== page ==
While yesterday’s interview with MIT’s Sherry Turkle focused on the arrival of the Robotic Moment, today’s is about Turkle’s pessimistic view of social media. In today’s age of the social, we are all becoming adolescents, she told me when she came into our San Francisco studio earlier this month. “Just because we grew up with the Internet doesn’t mean the Internet is grown-up,” the MIT Professor of the Social Studies of Science and Technology darkly warned.
“In intimacies, new solitudes,” Turkle argues in her new book, Alone Together. In the social age of Facebook ubiquity, she explained to me, we have to fight Mark Zuckerberg’s incessant promotion of transparency and reclaim privacy. The alternative, she warns, is perpetual adolescence and superficiality – a condition that will have a tragically destructive impact on both our intimate relationships and upon our democracy.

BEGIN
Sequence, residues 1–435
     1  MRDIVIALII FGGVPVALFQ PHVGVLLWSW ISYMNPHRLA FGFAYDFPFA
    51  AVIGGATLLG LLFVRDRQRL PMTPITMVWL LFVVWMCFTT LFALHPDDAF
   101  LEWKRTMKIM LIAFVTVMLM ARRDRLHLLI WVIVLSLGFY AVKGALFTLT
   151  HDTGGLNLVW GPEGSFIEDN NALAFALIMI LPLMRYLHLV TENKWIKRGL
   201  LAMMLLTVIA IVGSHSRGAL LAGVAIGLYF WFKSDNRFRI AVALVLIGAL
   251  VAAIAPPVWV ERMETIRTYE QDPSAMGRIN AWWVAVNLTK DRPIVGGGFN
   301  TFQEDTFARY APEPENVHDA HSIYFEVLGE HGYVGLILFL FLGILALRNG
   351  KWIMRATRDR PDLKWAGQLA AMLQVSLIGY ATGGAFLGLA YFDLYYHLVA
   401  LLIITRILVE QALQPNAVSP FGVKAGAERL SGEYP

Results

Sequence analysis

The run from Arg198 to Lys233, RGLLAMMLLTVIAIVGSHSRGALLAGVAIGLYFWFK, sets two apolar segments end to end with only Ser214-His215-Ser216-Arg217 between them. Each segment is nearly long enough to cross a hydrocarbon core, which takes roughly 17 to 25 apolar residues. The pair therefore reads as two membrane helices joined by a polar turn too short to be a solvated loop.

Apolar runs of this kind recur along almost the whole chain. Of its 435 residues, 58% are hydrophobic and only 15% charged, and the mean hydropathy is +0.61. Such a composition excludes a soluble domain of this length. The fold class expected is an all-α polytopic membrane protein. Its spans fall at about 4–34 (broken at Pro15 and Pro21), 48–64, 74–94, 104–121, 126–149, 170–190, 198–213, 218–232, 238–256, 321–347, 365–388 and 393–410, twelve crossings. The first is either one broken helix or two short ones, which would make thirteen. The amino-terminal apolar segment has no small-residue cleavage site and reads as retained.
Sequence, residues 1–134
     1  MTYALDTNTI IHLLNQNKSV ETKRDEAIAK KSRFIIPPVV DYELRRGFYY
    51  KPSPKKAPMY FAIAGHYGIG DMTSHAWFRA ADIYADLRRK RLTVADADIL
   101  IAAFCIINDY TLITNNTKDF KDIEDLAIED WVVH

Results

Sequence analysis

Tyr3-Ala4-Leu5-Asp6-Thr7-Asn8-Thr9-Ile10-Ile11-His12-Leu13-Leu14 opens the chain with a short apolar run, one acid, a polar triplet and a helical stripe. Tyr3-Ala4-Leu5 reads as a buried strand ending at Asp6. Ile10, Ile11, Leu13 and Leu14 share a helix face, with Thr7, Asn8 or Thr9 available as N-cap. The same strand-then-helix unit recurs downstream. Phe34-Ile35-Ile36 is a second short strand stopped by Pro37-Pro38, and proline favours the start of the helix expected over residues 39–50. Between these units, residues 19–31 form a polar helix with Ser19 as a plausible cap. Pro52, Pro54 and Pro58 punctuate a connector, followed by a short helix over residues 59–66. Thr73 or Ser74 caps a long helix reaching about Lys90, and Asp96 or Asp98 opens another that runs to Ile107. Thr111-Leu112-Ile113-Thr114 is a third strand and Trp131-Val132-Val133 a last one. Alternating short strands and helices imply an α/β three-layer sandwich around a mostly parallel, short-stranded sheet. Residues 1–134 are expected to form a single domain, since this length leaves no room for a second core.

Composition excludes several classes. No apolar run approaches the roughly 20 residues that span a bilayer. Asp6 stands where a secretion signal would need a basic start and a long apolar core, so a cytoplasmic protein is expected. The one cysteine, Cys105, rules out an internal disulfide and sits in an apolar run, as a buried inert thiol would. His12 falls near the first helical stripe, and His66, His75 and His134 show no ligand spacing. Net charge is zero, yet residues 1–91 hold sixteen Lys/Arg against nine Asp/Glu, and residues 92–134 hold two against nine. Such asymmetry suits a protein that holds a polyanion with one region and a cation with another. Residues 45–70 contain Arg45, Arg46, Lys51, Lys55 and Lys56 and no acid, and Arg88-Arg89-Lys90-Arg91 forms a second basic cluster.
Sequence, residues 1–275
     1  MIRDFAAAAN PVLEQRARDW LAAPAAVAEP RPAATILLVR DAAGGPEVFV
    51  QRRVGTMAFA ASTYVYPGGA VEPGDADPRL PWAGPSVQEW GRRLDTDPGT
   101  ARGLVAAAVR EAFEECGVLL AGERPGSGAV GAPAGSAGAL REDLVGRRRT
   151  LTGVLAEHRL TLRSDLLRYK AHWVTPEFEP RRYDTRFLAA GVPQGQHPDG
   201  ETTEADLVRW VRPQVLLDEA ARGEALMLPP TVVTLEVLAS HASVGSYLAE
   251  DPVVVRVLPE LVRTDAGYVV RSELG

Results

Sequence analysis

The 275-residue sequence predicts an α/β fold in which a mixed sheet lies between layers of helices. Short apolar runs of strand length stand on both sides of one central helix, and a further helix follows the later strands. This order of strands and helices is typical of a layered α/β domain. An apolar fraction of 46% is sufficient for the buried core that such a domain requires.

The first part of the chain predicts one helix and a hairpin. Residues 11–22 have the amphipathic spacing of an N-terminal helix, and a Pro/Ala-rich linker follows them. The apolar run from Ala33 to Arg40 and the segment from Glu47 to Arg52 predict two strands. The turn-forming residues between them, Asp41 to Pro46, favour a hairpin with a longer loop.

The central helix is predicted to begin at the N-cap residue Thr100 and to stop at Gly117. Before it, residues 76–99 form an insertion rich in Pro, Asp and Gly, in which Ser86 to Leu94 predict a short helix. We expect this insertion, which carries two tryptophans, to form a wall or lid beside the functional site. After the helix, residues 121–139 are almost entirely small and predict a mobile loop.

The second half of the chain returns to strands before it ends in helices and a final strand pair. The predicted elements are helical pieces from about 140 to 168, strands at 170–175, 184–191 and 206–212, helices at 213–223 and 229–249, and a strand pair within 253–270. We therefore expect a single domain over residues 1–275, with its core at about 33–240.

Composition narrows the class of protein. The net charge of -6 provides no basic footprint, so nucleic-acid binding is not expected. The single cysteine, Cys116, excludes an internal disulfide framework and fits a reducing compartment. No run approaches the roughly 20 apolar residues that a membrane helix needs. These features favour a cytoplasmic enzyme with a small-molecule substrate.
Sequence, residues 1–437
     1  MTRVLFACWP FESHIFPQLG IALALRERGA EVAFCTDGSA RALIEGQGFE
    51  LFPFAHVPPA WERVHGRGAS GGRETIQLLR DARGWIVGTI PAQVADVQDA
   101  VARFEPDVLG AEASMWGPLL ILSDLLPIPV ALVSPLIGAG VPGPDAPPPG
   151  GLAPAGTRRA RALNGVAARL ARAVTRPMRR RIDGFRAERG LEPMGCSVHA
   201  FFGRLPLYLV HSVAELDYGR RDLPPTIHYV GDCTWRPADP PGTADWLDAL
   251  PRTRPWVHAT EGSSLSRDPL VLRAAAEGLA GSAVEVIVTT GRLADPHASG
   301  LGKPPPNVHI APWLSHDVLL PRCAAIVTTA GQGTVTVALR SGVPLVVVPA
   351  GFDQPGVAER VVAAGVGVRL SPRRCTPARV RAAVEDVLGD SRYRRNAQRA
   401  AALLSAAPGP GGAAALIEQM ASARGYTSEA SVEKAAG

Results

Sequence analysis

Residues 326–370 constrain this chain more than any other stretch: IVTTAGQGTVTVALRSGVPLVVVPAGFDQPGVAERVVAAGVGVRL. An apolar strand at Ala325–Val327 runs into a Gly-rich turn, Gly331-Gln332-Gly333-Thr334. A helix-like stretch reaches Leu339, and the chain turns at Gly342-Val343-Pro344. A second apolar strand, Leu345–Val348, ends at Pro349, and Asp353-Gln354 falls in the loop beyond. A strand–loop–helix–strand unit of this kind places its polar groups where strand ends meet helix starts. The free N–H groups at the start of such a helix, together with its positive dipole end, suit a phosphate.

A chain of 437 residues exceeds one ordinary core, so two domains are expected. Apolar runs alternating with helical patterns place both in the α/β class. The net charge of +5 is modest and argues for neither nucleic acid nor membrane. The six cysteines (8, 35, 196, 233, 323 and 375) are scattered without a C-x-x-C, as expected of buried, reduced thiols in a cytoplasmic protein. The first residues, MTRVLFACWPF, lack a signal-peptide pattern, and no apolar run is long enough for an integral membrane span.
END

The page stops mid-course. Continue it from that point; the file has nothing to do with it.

Just because we grew up with the Internet doesn’t mean the Internet is grown-up
Saying no to Zuckerberg
Sherry Turkle is Abby Rockefeller MauzÃ© Professor of the Social Studies of Science and Technology in the Program in Science, Technology, and Society at MIT and the founder (2001) and current director of the MIT Initiative on Technology and Self. Professor Turkle received a joint doctorate in sociology and personality psychology from Harvard University and is a licensed clinical psychologist. Professor Turkle is the author of Psychoanalytic Politics: Jacques Lacan and Freud’s French Revolution (Basic Books, 1978; MIT Press paper,...